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Author: John Edwards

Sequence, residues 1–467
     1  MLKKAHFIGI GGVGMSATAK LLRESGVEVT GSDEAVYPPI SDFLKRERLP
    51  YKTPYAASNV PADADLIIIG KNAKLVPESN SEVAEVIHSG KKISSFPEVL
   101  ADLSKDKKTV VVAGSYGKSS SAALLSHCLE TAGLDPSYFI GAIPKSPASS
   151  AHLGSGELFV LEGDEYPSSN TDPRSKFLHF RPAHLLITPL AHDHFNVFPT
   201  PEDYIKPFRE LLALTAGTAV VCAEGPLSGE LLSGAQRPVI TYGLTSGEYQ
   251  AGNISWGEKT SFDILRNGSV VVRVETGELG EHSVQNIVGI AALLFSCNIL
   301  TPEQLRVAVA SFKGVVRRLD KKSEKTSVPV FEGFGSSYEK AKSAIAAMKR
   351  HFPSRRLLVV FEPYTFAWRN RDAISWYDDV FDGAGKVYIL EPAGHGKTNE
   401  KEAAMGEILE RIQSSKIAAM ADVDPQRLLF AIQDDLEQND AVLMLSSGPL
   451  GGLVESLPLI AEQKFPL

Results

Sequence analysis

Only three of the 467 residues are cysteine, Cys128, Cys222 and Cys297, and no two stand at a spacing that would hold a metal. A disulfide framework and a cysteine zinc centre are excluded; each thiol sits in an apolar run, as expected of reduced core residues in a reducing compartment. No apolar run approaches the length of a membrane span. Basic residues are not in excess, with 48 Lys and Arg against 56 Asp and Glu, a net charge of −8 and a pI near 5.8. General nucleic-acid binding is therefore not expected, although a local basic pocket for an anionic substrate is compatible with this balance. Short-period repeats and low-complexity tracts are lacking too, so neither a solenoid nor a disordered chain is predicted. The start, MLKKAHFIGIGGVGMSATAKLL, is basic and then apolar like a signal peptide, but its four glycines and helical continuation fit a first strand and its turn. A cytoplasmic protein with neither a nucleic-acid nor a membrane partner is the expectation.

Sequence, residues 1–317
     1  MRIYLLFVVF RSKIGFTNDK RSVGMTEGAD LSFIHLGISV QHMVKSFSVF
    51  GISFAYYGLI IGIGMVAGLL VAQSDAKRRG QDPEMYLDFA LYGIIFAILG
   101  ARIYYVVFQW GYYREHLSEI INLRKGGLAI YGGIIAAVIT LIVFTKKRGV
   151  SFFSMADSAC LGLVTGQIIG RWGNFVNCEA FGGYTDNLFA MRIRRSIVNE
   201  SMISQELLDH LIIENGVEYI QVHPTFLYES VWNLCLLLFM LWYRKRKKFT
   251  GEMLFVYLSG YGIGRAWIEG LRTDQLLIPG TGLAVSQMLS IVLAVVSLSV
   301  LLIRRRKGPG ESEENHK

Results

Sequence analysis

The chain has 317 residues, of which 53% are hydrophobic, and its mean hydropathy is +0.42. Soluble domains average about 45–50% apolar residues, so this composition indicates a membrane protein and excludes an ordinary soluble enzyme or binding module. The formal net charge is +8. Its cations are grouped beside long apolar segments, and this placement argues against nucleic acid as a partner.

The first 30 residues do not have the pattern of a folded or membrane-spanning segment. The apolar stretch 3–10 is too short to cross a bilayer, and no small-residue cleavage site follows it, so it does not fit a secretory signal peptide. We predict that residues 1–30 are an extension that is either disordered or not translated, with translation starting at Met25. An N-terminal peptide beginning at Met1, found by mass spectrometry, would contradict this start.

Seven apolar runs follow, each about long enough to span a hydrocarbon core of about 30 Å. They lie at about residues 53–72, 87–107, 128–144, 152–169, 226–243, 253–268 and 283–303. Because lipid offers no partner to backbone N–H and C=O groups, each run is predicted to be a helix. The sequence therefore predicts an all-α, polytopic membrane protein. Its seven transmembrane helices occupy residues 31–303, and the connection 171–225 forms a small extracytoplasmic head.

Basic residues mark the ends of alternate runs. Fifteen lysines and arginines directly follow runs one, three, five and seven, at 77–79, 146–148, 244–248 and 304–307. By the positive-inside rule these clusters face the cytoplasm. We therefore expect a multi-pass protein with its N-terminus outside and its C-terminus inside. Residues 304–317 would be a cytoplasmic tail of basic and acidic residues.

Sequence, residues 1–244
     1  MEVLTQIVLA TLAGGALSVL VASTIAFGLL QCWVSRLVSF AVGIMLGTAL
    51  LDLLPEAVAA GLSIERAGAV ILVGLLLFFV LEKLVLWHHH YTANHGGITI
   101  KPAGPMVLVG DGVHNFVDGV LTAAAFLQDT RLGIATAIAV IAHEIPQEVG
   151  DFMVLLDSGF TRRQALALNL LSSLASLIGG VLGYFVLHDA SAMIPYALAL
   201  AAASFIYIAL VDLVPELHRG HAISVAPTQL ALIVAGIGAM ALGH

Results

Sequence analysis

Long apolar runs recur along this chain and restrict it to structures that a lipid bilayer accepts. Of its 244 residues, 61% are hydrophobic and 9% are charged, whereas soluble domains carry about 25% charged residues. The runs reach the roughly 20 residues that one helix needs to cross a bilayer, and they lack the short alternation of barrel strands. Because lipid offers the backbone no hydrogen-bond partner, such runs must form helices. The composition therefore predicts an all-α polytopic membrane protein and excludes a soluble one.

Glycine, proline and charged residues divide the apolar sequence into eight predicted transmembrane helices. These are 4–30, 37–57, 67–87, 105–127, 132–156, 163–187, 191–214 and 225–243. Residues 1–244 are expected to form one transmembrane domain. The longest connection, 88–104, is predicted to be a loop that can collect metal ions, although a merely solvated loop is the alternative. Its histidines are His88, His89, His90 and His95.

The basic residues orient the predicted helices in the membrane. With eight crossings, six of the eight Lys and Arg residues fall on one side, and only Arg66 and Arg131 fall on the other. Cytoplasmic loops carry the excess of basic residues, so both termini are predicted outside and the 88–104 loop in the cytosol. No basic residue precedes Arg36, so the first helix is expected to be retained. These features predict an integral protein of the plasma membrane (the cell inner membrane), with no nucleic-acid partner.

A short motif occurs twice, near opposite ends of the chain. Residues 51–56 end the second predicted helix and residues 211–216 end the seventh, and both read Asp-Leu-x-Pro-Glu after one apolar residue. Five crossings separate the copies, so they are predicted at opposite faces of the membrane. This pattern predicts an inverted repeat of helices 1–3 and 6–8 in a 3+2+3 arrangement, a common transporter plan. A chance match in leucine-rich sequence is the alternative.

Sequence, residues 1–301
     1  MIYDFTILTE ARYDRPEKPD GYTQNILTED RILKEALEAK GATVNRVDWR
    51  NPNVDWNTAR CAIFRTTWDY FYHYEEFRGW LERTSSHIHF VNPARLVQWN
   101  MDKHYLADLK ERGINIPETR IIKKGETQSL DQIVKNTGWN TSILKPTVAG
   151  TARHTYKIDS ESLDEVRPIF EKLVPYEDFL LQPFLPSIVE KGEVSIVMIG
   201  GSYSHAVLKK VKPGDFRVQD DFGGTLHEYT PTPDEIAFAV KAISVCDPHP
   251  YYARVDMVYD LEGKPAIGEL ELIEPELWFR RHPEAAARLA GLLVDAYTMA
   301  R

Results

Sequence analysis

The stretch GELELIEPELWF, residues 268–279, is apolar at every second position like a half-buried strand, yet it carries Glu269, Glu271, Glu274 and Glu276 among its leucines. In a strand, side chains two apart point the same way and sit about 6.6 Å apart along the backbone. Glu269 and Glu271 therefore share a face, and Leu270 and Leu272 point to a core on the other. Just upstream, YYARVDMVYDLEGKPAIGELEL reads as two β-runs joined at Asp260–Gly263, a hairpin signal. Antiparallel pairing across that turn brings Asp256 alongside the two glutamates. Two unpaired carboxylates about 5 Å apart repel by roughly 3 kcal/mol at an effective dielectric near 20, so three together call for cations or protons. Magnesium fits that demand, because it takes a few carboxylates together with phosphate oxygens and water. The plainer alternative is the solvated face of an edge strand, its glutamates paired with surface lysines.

As European politics, society, economy and religion underwent epoch-making changes between 1400 and 1600, the treatment of Europe's Jews by the non-Jewish majority was, then as in later periods, a symptom of social problems and tensions in the Continent as a whole. Through a broad-ranging collection of original documents, the book sets out to present a vivid picture of the Jewish presence in European life during this vital and turbulent period. This book discusses the history and background of the Jewish presence in fifteenth- and sixteenth-century Europe. As far as the late medieval Church was concerned, the basis for the treatment of Jews, by ecclesiastical and secular authorities, was to be found in the decrees of the Fourth Lateran Council of the Roman Church, which were issued in 1215. The book is concerned with Jewish economic activities for their own sake, and Jews' financial relations with Christian rulers. It then concentrates on other aspects of the dealings which went on between European Jews and their Christian neighbours. The book includes the Jews' own economic presence and culture, social relations between Jews and Christians, the policies and actions of Christian authorities in Church and State. It draws upon original source material to convey ordinary people's prejudices about Jews, including myths about Jewish 'devilishness', money-grabbing, and 'ritual murder' of Christian children. Finally, the book demonstrates from the outset that much of the treatment of European Jews, in the period up to the Reformation and thereafter, was to be a practical result of the controversies within 'Christendom' on the subject of authority, whether ecclesiastical or secular.